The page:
We rely on landlines here. Our cell service is pretty sketchy, 25 miles from town and towers. But luckily, during the prolonged period when my landline didn’t work, our cell phones provided a little bit of a backup. You know what I mean if you’re familiar with cell phones. If you’re out in the boonies, you’ve got to scramble to a high hill or try to get a line of sight to the mountains to hope for a conversation that doesn’t lose every third word.

    Frontier has made some amends for the problems, but issues linger. Just Monday morning neither of my landlines would dial out. So I gave up using them, grabbed my cell phone, and stood on the kitchen table to make a sustainable call on it.

    This vulnerability with regard to utilities reminds me to call the propane company soon and get our tank topped off. Although the days are warm right now, winter is just around the corner. My two propane fireplaces and gas stove can give us warmth if the power is out for long. Last year, during what turned out to be a banner season for storms, some of us ran out of propane and had to wait a while to get our tanks filled.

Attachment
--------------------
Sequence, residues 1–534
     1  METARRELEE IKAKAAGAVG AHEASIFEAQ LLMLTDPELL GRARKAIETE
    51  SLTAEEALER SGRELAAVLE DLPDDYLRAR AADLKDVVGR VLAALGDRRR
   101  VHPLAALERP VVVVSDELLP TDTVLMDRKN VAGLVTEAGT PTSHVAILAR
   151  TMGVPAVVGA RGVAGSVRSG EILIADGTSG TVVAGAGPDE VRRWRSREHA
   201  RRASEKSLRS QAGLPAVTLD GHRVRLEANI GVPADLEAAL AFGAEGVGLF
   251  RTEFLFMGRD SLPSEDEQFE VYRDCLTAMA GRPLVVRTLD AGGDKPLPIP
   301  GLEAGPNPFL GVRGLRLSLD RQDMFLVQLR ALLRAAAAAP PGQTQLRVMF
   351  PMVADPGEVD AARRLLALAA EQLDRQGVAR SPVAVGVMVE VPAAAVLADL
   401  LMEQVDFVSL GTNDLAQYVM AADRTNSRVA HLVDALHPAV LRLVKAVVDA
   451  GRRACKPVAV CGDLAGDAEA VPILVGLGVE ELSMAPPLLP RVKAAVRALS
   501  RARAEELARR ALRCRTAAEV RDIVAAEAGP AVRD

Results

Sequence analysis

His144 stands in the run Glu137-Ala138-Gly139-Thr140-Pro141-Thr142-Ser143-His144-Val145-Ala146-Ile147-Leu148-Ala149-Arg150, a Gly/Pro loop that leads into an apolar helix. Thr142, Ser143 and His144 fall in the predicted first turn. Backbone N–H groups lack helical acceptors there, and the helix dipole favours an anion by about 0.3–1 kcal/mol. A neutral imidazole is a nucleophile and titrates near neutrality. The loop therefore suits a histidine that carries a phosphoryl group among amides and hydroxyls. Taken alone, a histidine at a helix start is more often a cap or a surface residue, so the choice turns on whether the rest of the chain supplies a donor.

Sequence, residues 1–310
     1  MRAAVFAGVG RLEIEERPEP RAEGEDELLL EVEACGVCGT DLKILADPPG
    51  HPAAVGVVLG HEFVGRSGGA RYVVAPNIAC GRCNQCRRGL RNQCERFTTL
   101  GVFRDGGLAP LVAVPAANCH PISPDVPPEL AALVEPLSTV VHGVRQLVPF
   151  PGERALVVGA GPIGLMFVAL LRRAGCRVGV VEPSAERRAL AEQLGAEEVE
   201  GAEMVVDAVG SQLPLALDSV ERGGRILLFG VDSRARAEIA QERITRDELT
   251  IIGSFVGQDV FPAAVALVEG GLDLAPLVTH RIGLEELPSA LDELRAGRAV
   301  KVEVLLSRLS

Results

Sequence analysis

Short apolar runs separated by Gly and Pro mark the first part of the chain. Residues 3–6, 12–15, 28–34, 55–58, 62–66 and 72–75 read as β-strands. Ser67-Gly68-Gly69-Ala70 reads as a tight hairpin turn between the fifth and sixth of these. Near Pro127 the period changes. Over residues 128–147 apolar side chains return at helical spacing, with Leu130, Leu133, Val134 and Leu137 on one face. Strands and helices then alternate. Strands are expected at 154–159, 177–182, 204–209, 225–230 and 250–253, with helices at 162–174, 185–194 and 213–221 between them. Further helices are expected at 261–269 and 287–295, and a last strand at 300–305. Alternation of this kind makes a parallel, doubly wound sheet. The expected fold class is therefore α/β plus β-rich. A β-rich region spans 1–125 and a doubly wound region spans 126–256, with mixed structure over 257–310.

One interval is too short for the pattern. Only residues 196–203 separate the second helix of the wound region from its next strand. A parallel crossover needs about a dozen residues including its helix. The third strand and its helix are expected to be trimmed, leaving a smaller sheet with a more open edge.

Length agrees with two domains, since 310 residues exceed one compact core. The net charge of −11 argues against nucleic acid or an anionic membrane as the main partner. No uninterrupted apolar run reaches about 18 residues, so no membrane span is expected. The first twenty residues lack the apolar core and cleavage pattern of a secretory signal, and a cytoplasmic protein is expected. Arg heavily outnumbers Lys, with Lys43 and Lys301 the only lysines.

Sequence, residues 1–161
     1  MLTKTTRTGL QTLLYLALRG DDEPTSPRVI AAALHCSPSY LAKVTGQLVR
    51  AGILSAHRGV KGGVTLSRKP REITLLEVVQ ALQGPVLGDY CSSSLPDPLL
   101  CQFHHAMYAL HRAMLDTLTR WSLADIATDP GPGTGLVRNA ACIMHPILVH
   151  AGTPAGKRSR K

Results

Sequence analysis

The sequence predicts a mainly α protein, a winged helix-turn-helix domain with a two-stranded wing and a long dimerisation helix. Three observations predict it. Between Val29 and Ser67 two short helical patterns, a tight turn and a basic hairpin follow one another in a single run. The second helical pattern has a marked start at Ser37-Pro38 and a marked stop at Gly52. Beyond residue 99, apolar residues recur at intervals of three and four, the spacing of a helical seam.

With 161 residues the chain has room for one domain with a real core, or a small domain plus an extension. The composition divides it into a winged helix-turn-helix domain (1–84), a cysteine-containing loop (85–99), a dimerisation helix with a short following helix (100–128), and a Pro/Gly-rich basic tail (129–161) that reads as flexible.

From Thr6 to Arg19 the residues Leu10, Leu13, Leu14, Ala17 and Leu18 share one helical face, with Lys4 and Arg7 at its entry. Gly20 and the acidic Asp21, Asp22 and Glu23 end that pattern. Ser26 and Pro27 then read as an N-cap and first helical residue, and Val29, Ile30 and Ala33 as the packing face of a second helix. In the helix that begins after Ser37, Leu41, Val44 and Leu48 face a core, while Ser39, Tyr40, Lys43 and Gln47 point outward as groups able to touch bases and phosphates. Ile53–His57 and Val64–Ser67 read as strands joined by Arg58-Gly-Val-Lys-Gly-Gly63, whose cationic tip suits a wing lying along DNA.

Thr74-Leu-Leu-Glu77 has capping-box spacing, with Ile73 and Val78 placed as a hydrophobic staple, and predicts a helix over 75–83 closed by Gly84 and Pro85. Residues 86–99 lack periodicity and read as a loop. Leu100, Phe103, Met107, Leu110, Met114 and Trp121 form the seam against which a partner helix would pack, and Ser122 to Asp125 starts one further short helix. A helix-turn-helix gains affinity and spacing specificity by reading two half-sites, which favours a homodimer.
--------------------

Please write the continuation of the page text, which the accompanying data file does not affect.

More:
The company that delivers it was doing the best they could to answer an avalanche of calls during a time when avalanches of snow were coming down in the La Sals. We didn’t prepare for that hard of a winter. Many of us were burning through our propane faster than we ever had in the past.

    Utilities make our lives easier, for sure. When they don’t work, we’re often unprepared and annoyed. With that in mind, I’ll get my tanks full, stock up on matches, candles, and bottled water (because our well pump doesn’t work when there’s no electricity), and we will hunker down, hoping there won’t be a surge when the lights come back on.